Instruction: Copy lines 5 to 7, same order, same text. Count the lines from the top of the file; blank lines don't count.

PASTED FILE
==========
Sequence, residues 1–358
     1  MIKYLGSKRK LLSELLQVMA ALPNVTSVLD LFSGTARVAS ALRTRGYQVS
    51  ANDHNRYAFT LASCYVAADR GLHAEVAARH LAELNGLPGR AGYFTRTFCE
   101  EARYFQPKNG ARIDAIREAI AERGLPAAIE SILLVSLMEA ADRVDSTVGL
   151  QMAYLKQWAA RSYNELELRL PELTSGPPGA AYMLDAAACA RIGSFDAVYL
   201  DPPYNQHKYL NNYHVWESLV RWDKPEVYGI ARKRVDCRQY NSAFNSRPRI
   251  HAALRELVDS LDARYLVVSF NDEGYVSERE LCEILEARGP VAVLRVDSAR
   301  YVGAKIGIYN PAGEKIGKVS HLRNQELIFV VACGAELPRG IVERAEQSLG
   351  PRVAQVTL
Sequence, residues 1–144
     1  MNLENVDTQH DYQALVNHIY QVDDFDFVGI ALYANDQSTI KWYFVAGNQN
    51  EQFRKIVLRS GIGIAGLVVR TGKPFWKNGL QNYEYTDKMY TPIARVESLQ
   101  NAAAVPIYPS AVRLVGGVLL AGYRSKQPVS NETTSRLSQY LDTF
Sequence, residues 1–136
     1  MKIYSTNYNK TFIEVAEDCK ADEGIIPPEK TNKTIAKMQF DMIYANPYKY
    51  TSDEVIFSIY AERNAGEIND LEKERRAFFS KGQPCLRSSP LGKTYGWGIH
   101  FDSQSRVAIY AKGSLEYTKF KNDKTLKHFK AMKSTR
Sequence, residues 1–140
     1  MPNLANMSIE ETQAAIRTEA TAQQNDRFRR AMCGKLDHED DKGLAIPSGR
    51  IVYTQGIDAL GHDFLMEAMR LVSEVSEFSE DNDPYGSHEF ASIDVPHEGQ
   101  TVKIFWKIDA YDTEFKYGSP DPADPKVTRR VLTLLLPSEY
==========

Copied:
   151  QMAYLKQWAA RSYNELELRL PELTSGPPGA AYMLDAAACA RIGSFDAVYL
   201  DPPYNQHKYL NNYHVWESLV RWDKPEVYGI ARKRVDCRQY NSAFNSRPRI
   251  HAALRELVDS LDARYLVVSF NDEGYVSERE LCEILEARGP VAVLRVDSAR